Poverty wages for the lowest-paid workers has been a theme in recent protest rallies in Madison calling for fair wages for state employees. In negotiations, the state has proposed wage increases of only three percent over the two-year contract. The unions say that amounts to a pay cut.
Mitchell, whose local represents administrative support workers, and AFSCME Local 171 which represents blue collar, technical, security and public safety workers on campus, have already met with Torphy to discuss how the LTE conversion project might work.
"While there's still some disagreement on whether or not there is, in fact, a problem, they have at least said that this is a place where we can start to address it," says Mitchell. "The Madison labor community and the UW administration are on the same page, at least enough to say let's try something and evaluate how it works. We both come from different positions, but let's see where this takes us."
The AFSCME locals are taking the position that the problem has been identified and needs to be fixed, "and we're going to watch how it gets fixed," says Mitchell. "Every time you try to fix a problem like this, somebody finds a way to get around it," he complained. "So we don't want to get wedded to any particular fix which could turn out to be another problem down the road."
Mitchell says such 'fixes' in the past have led campus departments to find more creative ways to skirt the LTE law, such as creating half-way measures like 'project' positions which the unions also see as problematic.
Turner expresses similar skepticism of the administration. "They've become part of the problem they should be trying to fix. Their job is to serve the people of the state of Wisconsin," she says, "but all they seem to care about are their big corporate donors and building more Biotech buildings."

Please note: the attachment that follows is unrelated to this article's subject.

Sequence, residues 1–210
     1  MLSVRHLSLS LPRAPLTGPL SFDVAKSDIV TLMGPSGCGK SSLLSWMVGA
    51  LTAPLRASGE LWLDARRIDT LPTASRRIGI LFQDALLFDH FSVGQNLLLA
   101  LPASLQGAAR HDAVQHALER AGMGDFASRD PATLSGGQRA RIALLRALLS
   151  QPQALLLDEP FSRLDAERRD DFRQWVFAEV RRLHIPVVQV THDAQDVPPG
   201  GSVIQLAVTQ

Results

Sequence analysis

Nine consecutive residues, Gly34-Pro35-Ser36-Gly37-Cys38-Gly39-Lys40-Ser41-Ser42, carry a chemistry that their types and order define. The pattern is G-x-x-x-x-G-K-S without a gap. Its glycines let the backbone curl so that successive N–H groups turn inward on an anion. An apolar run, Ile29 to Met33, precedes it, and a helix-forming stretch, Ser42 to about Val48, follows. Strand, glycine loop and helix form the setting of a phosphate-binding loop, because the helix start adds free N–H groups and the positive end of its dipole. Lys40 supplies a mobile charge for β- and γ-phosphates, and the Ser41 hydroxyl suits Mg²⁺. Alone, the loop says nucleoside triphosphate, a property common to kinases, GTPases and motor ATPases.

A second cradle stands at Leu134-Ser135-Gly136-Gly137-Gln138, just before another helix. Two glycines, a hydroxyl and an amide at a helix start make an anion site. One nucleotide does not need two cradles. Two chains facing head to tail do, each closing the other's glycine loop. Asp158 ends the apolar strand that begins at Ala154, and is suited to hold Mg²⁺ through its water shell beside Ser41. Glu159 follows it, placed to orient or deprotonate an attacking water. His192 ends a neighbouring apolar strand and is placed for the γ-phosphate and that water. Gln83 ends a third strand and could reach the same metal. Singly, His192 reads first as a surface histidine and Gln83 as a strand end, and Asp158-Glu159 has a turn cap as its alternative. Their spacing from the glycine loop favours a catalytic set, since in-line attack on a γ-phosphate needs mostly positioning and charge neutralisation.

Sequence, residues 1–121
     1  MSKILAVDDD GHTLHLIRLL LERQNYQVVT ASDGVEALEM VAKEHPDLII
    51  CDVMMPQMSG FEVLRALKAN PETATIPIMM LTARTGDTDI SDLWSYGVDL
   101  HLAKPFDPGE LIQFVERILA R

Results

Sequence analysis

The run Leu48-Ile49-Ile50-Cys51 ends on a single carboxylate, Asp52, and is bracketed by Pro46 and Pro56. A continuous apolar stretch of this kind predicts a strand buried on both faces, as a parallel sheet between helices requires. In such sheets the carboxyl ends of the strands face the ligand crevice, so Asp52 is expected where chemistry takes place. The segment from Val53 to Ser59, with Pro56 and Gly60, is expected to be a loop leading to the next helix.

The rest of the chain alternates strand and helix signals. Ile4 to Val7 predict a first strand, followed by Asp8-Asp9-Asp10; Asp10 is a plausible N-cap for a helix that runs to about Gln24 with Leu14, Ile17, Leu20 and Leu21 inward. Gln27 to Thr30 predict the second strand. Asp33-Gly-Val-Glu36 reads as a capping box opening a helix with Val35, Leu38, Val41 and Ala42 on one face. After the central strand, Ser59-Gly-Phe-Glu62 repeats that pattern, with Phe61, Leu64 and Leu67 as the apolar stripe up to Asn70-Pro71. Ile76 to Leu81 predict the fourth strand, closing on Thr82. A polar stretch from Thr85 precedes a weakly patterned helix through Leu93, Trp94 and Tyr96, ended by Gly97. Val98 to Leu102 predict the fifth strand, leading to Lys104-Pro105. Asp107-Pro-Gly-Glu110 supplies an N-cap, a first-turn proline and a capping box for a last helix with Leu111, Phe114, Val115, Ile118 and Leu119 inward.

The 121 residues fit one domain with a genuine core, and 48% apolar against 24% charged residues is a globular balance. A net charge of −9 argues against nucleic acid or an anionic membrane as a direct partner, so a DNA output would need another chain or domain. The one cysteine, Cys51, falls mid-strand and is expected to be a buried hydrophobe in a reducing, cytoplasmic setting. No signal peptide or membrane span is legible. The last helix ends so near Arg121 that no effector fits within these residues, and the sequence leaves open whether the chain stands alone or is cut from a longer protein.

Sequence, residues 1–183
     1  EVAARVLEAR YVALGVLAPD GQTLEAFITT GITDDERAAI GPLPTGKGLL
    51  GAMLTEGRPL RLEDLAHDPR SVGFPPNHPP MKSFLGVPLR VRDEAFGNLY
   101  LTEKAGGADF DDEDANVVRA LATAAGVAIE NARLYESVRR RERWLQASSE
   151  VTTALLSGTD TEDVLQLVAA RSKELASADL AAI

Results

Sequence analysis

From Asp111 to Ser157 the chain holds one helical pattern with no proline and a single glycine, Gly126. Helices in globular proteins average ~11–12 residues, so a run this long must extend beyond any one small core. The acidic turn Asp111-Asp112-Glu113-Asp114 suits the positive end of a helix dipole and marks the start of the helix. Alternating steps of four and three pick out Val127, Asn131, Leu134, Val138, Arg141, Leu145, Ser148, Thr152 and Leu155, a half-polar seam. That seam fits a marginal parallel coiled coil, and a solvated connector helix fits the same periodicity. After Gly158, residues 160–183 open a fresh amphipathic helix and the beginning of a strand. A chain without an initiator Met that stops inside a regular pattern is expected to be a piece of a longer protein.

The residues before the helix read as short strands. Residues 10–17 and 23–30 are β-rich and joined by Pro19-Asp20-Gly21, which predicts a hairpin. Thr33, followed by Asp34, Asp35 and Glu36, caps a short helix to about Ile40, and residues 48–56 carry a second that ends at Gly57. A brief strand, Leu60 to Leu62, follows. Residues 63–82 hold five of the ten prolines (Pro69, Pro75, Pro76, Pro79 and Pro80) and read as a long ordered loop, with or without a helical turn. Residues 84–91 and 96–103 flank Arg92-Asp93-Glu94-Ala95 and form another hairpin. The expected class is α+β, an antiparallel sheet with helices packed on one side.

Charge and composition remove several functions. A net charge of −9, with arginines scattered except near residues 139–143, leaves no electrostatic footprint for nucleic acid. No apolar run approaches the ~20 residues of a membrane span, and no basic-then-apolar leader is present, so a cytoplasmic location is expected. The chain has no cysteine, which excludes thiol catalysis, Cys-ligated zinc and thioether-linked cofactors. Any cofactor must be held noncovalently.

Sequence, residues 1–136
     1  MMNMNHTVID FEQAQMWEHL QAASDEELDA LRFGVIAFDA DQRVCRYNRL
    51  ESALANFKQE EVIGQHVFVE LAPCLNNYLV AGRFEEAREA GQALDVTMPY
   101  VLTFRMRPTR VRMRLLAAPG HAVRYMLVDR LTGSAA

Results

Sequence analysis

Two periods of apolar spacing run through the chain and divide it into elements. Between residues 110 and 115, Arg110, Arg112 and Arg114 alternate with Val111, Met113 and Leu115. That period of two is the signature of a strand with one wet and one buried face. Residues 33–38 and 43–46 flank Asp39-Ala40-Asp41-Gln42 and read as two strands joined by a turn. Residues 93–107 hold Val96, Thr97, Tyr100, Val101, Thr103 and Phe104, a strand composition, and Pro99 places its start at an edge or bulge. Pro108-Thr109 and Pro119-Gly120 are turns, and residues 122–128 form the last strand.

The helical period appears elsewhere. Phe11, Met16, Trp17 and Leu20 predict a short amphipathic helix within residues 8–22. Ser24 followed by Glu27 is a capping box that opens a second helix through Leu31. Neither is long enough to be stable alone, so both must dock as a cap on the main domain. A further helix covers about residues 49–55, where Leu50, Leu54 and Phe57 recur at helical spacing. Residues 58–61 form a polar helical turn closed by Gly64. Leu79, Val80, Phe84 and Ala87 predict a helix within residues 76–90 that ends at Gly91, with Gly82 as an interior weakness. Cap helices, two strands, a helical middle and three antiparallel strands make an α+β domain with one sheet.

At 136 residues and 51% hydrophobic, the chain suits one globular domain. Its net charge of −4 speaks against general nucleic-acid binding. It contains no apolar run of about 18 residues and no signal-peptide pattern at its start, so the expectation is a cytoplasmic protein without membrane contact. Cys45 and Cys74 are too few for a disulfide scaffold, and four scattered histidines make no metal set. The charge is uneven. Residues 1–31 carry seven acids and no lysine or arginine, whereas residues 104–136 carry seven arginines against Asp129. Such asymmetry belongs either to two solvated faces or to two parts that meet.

She feels the administration and the departments routinely engage in what Turner describes as "a sleight-of-hand, making everything look good on paper."
The vast majority of these jobs should legitimately be permanent jobs, Turner feels. "You can go into any department on campus, any office, and there will be an LTE who will tell you they've worked there for years with no benefits," she contends. "A lot of them don't even realize they're getting screwed because the system of abuse has been institutionalized. They just think, 'well, that's the way it is.'"
According to Mitchell, LTEs on campus number between 1200 and 1900 at any given time. "We're going to have to see how they implement this language--if it survives the veto--and see if they're doing what we want them to do." Like Turner, Mitchell expects the reporting requirements of the pilot project will bring more light to the problem and will likely demonstrate that the fix is inadequate. "Then we'll be in a position to say, what about the other 1200 people?"